Tuesday, 8 January 2013

Hard-core in Delhi

We knew Delhi would be a hit on our cultural senses and it hasn't dissappointed. Constant loud beeping horns, streets filled with dirt, rubbish, dust and worse, scammers on every corner asking you where you're from and where you're going, hawkers jostling for space trying to flog anything from sleeping bags to colourful scarves or incense sticks to numerous items of clothing. This is why we chose to come here, to see life from a different perspective.

We experienced our first scam attempt in the taxi from the airport to our hotel. The driver told us he was lost and conveniently stopped outside a travel agents and suggested we take our luggage in and ask for assistance. Having previously read some travel tips, we remained in the cab and demanded he take us to our hotel, which he eventually did.

Our hotel, Hotel Hari Piorko was in the Pahar Ganj area, very close to New Delhi station and right in the mix of a bazaar. It is an incredible concoction of tuk tuks, rickshaws, street sellers, street cafes, dirt, dogs, beggars and the very occasional westerner. There was no soft introduction to Delhi, we hit it head on and found it exhilarating. After getting our bearings somewhat, we enjoyed some street food of veggi curry. After being extremely careful not to lick my fingers or eat with my left hand, I comically licked my finger whilst thumbing through my cash!!! We then had an early night, cuddling up for warmth, as you pay extra for heating in the hotel. Hot water is free, but you have to dial 9 to request it!!!!

Outside our hotel

On our second day in Delhi we visited the Red Fort, built in the 17th century, the walled city served as the residence of the Mughal Emperors. Although magnificent from the outside, we were a bit disappointed with the ramshackle state that the ruins have been left in.

Red Fort
Bazaar we battled through

What followed next did have the WOW factor but for different reasons... we walked the streets between the Red Fort and the Jama Masjid Mosque! The distance was not that far, however there was the population of Wales in front of us. We had walked straight into the Sunday bazaar. I have never seen some many people in one place (mostly men and no westerners) and it was quite frightening. We battled though the hundreds of stalls, not looking for any purchases, merely trying to survive the crush, until we made it to the mosque. It's the largest in India which can hold up to 25,000 people. No photos though as they charge westerners to take cameras in, "tourist tax" I guess. A long walk home took us though some very poor areas, which although made us uncomfortable at times, was incredibly interesting and worth the effort. Some yummy fried street food for dinner consisting of a fried potato sandwich and a fried mashed potato ball with a spot of tomato chilli sauce. Yum.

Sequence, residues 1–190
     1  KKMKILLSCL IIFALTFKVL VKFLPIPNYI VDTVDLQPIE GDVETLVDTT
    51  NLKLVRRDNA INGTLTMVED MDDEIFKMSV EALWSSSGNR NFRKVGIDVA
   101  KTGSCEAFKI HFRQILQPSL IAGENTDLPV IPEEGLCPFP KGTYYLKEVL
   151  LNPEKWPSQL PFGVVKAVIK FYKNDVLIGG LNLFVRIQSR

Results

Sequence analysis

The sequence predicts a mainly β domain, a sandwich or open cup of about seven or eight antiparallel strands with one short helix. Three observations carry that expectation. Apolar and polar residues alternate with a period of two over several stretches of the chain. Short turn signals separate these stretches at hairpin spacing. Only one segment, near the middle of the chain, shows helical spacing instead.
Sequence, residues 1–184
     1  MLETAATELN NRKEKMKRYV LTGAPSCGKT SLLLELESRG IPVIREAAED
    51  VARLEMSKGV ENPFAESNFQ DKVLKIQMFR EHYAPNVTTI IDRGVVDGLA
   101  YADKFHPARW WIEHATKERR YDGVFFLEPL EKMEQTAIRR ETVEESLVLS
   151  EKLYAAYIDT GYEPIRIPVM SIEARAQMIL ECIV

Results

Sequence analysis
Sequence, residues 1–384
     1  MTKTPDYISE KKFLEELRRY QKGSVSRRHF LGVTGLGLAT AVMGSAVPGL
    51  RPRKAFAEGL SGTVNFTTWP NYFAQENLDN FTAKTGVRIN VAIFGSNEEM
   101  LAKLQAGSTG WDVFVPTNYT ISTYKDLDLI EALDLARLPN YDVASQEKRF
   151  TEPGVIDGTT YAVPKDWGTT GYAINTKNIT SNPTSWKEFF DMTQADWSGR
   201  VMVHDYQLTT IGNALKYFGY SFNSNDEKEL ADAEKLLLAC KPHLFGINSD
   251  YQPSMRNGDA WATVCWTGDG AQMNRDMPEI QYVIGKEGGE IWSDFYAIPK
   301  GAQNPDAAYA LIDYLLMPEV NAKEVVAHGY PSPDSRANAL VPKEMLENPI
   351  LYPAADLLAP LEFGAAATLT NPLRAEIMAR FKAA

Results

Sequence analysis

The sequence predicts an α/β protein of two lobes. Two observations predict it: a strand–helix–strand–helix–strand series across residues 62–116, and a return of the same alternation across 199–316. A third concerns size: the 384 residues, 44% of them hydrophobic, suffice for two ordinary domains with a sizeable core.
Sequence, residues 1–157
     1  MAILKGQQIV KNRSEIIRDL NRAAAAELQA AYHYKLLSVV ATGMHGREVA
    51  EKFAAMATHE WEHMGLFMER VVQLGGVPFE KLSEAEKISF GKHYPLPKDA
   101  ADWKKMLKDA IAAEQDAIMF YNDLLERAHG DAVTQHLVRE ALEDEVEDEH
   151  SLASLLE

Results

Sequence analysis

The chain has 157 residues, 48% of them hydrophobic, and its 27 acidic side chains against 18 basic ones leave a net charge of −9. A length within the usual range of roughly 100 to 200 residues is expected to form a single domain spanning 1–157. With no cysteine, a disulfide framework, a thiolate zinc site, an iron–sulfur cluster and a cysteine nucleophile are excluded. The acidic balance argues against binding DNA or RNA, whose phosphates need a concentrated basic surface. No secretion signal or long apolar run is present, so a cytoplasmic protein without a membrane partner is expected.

Delhi has a wide spectrum of wealth, more than I've ever experienced. Seeing a woman and baby begging for food just feet away from a couple watching YouTube on their laptop on the street side says it all. We once walked into a small market next to a mosque. We felt very uncomfortable with beggars, filthy children and people with deformities and yet turned the corner to find a Nokia shop, KFC and McDonalds!!!

As you would expect, the male to female ratio in public is hugely weighed in favour of males. Sonja has never felt in danger but definately uncomfortable at times. Some however do enjoy knocking into females breasts 'by accident', which can become a bit of an amusing sport when dodging the swinging elbows! Seeing men urinating on the sides of the streets is common, as too, is seeing them spit a red substance on the floor on a regular basis. Spitting appears to be common practice here. The red spit comes from the pastime of chewing betel nuts. Like the difference in wealth, there is also a difference in cultures between old and young. Teenagers can be seen in jeans, converse and fashionable tops, somewhat less covered than their older generation.

Our favourite visit was Humayun's Tomb, of the Mughal Emperor Humayun. The tomb was commissioned by Humayun's wife Hamida Banu Begum in 1562 AD and resembles the Taj Mahal with it's huge dome and symmetrical walkways. The whole area had a feeling of peace and regal elegance. We managed to find another quiet spot at the Lodi Gardens, a landscaped park with crumbling tombs and a lake.

Our last day in Delhi has juxtaposed the calm at the Bahai Temple, an awe inspiring structure shaped like a lotus flower, and the Indira Gandhi Museum, with the craziness of our tuk tuk rides to each place. Jumping into a tuk tuk is literally putting your life in the drivers hands and the other million road users who are jostling for position. The drivers go through gaps that don't exist, hoot for no apparent reason and still try to haggle the price for taking you to near death and back. Fantastic though and saved our little legs!!!



Tomorrow sets a new challenge; Indian trains!! Our train to Agra heads off at midday where new adventures await........



  1. Wow, what an experience. Can you imagine Dad trying to push me in the wheelchair through the Sunday bazaar. The advantage of being in a wheelchair 'though would be that my boobs would be out of reach of the passing men!! Sounds like you are having a fantastic time and really experiencing the sights, sounds and contrasts of Indian life. Marlene and Geoff

  2. Good work, loving the Bahai temple but why no stories of dancing monkeys? Look harder; beyond the culture......


  3. Sounds like you are having an amazing time!! We had our first ppa of 2013 today - back in the cupboard as suite is now in use! We thought of you as we sat there tearing our hair out and only just managing to complete the English and Maths planning!!! Looking forward to reading more of your adventures!

  4. OMG sounds amazing, fantastic and wonderful and I wish I was with you.take care of each other xxx J